Me with a fire breather!!

Today (Wednesday the 5th) brought the first day of class. The class is entitled “Greek Culture and Civilization.” We will learn about the past and present of life in Greece from many angles: sociological, political, and anthropological. The professor is Dr. Constance Tagopolous of UIndy Athens. She taught at CUNY Queens College for many years. The class seems to be very interesting-right up my ally! I’m looking forward to learning more about this amazing country. After class, the professor told us that this weekend would be the best bet for out-of-Athens travel. We had all been talking about Santorini. Nazana and I were planning on going there the last weekend of the trip, but due to a the Epiphany Day holiday tomorrow, class is canceled. Our best bet was to go this weekend! So I ran to Ellie Despotaki
(Coordinator of Institutional Advancement, Alumni Affairs and Special Programs) and she hooked us up with a fantastic trip package!

So tomorrow, in the early morning hours we will all be headed to the true paradise of Santorini Island, a place I could only dream I’d ever visit. I’ll keep you posted from there.

Peace, Love, & Greece!

P.S. Don’t forget to check out my photos-updated almost every day:

Hello From Athens!


Well folks, I have my first official stamp on my passport and it’s says….something illegible! After 3 hours at Newark International Airport, 9 (relatively sleepless) hours on a plane, and a bus ride into the city, I have arrived in Athens, Greece!!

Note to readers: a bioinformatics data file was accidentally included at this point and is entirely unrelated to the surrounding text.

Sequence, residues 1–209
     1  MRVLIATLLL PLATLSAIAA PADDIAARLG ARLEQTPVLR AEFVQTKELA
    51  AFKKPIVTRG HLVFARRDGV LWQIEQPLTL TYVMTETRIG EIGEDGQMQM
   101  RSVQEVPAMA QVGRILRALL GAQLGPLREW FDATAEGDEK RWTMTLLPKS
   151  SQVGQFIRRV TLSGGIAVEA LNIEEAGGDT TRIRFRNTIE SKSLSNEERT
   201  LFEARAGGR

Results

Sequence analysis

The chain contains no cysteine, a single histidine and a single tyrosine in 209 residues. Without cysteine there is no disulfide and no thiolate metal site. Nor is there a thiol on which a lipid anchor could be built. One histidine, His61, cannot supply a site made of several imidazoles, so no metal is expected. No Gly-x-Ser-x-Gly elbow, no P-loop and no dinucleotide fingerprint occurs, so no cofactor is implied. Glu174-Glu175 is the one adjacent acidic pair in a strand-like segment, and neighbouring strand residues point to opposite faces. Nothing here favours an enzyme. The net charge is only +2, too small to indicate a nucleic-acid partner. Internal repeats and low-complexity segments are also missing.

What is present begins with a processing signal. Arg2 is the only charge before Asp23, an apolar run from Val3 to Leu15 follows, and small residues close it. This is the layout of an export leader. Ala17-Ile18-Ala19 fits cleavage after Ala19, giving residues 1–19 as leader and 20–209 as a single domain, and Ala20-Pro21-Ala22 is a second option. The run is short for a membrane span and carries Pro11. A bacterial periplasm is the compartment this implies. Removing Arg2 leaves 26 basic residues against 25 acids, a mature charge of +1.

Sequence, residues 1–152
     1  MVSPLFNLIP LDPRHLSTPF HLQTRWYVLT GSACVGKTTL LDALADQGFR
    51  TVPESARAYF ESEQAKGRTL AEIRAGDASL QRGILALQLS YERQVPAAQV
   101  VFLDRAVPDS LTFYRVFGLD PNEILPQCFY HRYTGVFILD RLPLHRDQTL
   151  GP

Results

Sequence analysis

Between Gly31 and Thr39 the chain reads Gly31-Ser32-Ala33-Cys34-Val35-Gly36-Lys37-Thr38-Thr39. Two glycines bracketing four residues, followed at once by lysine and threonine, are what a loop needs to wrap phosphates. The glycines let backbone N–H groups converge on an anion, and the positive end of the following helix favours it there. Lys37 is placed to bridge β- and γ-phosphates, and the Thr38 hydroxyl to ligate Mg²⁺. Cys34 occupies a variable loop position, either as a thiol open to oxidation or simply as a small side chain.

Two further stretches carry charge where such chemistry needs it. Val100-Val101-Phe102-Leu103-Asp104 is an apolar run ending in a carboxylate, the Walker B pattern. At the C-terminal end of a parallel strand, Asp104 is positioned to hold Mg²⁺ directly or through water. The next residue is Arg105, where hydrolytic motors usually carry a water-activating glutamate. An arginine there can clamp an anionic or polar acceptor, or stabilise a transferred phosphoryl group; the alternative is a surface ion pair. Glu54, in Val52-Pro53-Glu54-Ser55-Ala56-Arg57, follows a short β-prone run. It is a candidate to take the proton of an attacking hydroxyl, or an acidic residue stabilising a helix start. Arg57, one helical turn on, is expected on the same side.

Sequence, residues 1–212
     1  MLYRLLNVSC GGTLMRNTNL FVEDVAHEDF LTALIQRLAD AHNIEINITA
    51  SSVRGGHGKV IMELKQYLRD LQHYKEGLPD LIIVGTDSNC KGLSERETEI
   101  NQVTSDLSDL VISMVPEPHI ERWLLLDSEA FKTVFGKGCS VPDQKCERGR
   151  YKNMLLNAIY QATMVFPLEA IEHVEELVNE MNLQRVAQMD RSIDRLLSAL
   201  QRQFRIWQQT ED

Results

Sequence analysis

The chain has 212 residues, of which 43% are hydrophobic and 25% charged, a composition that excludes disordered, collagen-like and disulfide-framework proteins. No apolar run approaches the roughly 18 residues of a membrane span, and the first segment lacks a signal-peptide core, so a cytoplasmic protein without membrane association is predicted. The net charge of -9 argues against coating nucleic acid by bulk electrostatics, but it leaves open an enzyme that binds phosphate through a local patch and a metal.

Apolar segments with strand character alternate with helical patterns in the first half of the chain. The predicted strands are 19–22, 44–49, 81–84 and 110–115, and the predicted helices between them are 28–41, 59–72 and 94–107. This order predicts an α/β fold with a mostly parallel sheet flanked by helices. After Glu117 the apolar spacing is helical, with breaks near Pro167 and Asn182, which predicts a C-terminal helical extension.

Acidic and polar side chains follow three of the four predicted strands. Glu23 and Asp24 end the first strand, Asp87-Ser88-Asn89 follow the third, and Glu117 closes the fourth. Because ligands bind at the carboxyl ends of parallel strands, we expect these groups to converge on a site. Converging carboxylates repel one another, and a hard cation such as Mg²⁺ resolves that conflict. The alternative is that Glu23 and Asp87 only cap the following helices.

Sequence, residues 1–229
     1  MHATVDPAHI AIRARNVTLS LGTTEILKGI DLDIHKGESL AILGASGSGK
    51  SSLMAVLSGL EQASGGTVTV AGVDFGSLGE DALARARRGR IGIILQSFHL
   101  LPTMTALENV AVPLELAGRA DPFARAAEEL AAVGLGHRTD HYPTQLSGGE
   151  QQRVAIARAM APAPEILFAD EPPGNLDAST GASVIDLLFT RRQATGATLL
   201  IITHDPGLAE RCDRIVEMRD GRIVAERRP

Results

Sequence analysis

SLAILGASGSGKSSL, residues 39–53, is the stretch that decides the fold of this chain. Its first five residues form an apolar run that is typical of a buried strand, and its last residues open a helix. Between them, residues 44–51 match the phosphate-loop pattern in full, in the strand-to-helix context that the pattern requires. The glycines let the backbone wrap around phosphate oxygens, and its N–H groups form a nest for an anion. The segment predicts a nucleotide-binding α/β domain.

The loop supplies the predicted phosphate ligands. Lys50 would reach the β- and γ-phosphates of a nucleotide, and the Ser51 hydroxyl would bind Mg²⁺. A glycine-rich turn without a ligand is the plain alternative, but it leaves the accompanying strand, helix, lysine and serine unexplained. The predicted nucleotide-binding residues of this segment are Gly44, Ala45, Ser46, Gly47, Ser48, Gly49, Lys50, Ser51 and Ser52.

The flight was smooth-no problems at all! Though I tried to get some sleep, I found myself anxious and restless. After a few rounds of cards with my traveling buddy, Nazana Weeks, I eventually caught some Zs only to wake up to a neon sunrise over the Atlantic Ocean-talk about beauty! After another nap, I was awoken by the engine shift as the plane descended through the clouds. Sleepy and excited, I knew I was about to see another country for the first time in my life! Something mighty was stopping me from attempting to crawl out of my window and onto the wing so I could dance across those clouds. The view was magnificent. I eventually saw a little black line form beneath the clouds, a ship sailing on the Mediterranean. The brilliant blue of the smooth sky matched the rippled texture of sea, and it was impossible to tell where one began and the other ended. I soon saw little buildings dotting foggy hillsides. As we got closer to the ground, I wondered how it was possible that the hills were rolling and jagged at the same time.

After touchdown and leaving the plane, we picked up our bags, got our stamps and were off. The express bus to Syntagma Square, Athens was leaving in 6 minutes… SIX!! What to do, what to do? First: ask at the info desk where the bus picks up, Second: Run all the was down a seemingly endless corridor, Third: Find the bus, Four: Ask someone where to purchase tickets, Five: Run to the ticket booth and purchase, thanking the gods that you have some Euros already, Five: Load luggage onto bus and stamp ticket. All in under 5 minutes!! Anyone want to be my partner on the Amazing Race?

The thirty minute drive into the city went fairly quickly as I took in the sights of the mountains and interesting buildings (ALL of which have balconies, mind you!). The main drag into the city reminded me of…I want to say..Route 22 in New Jersey if it were much older, and less full of chain stores and restaurants. When we reached the downtown portion, we were let off at Syntagma Square, a beautiful plaza in front of the Parliament building. We walked a few blocks with our luggage and were greeted by Mr. Tom Mazarakis of the University of Indianapolis, Athens. He showed us to our apartments and gave us a brief orientation.